The effect of sagittal plane angle of the tibial tunnel on the severity of tibial intra-articular aperture expansion caused by iatrogenic re-reaming in anterior cruciate ligament (ACL) reconstruction using a modified transtibial technique is unknown. The purpose of this study was to compare the severity of intra-articular aperture widening at different angles (40°, 45°, and 50°) of the tibial guide (TG).
Ninety-seven patients who underwent modified transtibial ACL reconstruction were randomly allocated to TG 40°, 45°, and 50° groups. Intra-articular tibial aperture width (TW) and tibial tunnel length (TTL) were measured intraoperatively using an arthroscopic ruler and a depth gauge.
The TG 50° group had significantly greater tibial aperture widening than the TG 40° group. There was a significant difference among TG 40°, 45°, and 50° groups and the percentage of knees with TTL <35 mm was 8%, 9% and 3%, respectively. There were 2 females with TTL <35 mm in TG 40° and 45° groups each. The average mediolateral length of the tibial plateau was 75 mm.
This study shows that the TG angle of 40° would reduce the severity of intra-articular aperture widening of the tibial tunnel compared to 45° or 50° in modified transtibial ACL reconstruction.
Optimal tunnel placement and graft alignment are important factors associated with successful outcomes of anterior cruciate ligament (ACL) reconstruction1,2). However, one of the major limitations of the transtibial technique for ACL reconstruction is that the femoral tunnel cannot be placed properly inside the intercondylar notch because of its dependency on the tibial tunnel. Improper alignment and placement of a graft within tunnels created by the transtibial technique may result in graft impingement, graft-tunnel mismatch or tibial aperture widening3–7). The risk of tibial intra-articular aperture expansion caused by iatrogenic re-reaming of the tibial tunnel has been reported as a major disadvantage of the transtibial technique3,8), which may also lead to a graft-tunnel mismatch and a delay in incorporation of the graft9). In addition, a short tibial tunnel could impair fixation and incorporation of a graft, resulting in a tunnel length–graft length mismatch5).
In the transtibial technique, the direction of the guidewire determined as the optimal trajectory toward the anatomical femoral footprint may cause iatrogenic re-reaming of the tibial tunnel and significant intra-articular aperture expansion due to its eccentric and posterolateral positioning within the tibial tunnel3).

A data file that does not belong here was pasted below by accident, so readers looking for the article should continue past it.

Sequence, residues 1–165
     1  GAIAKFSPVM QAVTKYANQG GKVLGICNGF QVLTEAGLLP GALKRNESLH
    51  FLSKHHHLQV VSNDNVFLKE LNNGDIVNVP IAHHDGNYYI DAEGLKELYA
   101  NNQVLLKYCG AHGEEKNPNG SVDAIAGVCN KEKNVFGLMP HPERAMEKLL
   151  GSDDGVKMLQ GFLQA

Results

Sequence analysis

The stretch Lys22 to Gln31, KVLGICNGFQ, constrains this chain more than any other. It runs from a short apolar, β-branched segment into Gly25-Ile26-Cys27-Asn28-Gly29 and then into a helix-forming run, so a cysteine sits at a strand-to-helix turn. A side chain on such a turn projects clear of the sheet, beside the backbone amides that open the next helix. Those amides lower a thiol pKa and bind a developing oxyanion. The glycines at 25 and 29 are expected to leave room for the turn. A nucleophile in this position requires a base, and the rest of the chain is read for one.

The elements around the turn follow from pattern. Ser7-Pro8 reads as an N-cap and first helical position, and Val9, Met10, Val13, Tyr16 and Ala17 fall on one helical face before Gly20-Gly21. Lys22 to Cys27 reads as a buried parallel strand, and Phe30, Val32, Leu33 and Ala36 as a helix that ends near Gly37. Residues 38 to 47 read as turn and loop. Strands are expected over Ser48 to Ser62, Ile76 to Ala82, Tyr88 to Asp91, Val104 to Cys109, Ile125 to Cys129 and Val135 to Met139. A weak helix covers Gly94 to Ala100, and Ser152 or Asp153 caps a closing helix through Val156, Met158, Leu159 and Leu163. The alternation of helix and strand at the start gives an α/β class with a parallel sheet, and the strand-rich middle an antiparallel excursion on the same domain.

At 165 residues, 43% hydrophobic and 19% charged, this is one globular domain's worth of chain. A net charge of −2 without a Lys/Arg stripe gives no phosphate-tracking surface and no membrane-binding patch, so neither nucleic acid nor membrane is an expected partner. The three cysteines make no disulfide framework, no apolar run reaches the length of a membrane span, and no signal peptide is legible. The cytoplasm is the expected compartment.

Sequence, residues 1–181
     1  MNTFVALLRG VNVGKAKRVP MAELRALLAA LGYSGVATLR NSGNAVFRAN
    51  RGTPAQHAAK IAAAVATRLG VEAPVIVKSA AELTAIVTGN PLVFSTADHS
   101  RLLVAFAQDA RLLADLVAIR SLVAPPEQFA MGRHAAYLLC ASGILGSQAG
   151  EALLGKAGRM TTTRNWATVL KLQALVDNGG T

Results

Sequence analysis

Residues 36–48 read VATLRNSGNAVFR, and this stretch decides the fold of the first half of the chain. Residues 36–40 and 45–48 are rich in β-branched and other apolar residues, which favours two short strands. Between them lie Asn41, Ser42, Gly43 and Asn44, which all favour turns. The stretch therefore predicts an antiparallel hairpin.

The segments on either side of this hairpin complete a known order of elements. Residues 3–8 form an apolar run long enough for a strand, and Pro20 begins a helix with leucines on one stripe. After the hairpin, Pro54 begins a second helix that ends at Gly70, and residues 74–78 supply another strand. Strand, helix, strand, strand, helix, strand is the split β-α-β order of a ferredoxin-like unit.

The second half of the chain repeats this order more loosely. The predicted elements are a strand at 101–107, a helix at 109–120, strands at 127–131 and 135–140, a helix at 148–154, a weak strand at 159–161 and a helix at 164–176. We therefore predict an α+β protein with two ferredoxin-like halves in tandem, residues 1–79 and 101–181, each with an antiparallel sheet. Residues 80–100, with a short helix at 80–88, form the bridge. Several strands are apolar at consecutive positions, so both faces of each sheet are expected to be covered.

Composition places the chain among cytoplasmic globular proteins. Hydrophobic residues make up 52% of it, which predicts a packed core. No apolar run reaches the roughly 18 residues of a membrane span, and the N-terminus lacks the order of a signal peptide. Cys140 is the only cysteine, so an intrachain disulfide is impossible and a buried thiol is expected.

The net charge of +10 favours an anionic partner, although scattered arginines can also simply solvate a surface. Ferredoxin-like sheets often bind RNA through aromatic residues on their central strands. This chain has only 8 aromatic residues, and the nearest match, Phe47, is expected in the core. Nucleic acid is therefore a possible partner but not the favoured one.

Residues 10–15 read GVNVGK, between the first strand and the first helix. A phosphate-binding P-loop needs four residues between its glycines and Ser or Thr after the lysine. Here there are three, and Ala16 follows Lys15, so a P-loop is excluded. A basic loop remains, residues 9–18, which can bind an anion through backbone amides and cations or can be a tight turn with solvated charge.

Several studies have suggested modifications to the coronal plane alignment of the tibial tunnel in the transtibial technique for accurate femoral tunnel positioning and minimal errors4,6,10–12). However, the literature is lacking on the effect of variation in the sagittal plane angle of the tibial tunnel in relation to the severity of tibial intra-articular aperture expansion caused by iatrogenic re-reaming in ACL reconstruction using the modified transtibial technique. To the best of our knowledge, there has not been sufficient research suggesting the best sagittal plane angle. Thus, we assumed that the appropriate angle would be between 40° and 50° to evaluate the effect of variation in the sagittal plane angle of the tibial tunnel on tibial intra-articular aperture expansion.
The purpose of this study was to investigate the severity of intra-articular aperture widening and proportion of knees with a tibial tunnel length (TTL) less than 35 mm at different angles of the tibial guide (TG) in ACL reconstruction using the modified transtibial technique. We hypothesized that drilling the tibial tunnel with the TG set at different angles would result in differences in the severity of intra-articular aperture widening of the tibial tunnel.
Initially, 121 patients who underwent primary arthroscopic single bundle ACL reconstruction with a hamstring tendon autograft using the transtibial technique at a single institution were recruited for this prospective, randomized controlled study. This study was approved by the Institutional Review Board of our hospital. The inclusion criteria were: 1) unilateral ACL rupture, 2) age between 18 and 50 years, 3) a normal contralateral knee, and 4) informed consent by patients for participating in this study. The exclusion criteria were concomitant ligament injuries (based on clinical and magnetic resonance imaging examinations) and cartilage degeneration greater than Outerbridge grade 2 (based on intraoperative arthroscopic assessment). Of the 121 patients, 102 patients agreed to take part in the study, 2 of which were excluded from the study due to associated ligament injuries. Ultimately, 100 patients were enrolled in the study and randomly allocated to one of the three groups based on the sagittal angle of TG (40°, 45°, or 50° group) using a computerized random number table. An envelope was used to conceal the randomization sequence.